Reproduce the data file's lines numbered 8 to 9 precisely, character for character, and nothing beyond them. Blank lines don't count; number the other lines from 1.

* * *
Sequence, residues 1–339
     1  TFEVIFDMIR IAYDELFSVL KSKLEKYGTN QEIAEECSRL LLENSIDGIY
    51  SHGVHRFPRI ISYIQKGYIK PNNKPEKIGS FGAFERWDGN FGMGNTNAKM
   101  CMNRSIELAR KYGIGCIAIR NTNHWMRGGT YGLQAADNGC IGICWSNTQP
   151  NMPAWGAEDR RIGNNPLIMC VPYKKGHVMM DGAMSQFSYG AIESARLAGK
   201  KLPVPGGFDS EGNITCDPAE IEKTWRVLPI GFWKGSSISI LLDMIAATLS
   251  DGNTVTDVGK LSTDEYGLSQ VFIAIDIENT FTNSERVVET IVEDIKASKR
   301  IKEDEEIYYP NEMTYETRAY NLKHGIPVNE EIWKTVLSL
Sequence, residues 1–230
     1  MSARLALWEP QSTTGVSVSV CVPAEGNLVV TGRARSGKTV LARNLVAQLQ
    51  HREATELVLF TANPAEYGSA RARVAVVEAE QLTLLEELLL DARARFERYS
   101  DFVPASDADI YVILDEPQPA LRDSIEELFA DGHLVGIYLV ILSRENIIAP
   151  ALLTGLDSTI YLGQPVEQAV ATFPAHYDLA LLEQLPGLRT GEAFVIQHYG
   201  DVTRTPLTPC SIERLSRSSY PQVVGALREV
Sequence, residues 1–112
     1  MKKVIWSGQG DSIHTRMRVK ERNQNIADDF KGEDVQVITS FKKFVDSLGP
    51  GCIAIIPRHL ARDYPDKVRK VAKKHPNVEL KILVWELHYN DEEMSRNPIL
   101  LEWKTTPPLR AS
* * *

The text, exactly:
   301  IKEDEEIYYP NEMTYETRAY NLKHGIPVNE EIWKTVLSL
Sequence, residues 1–230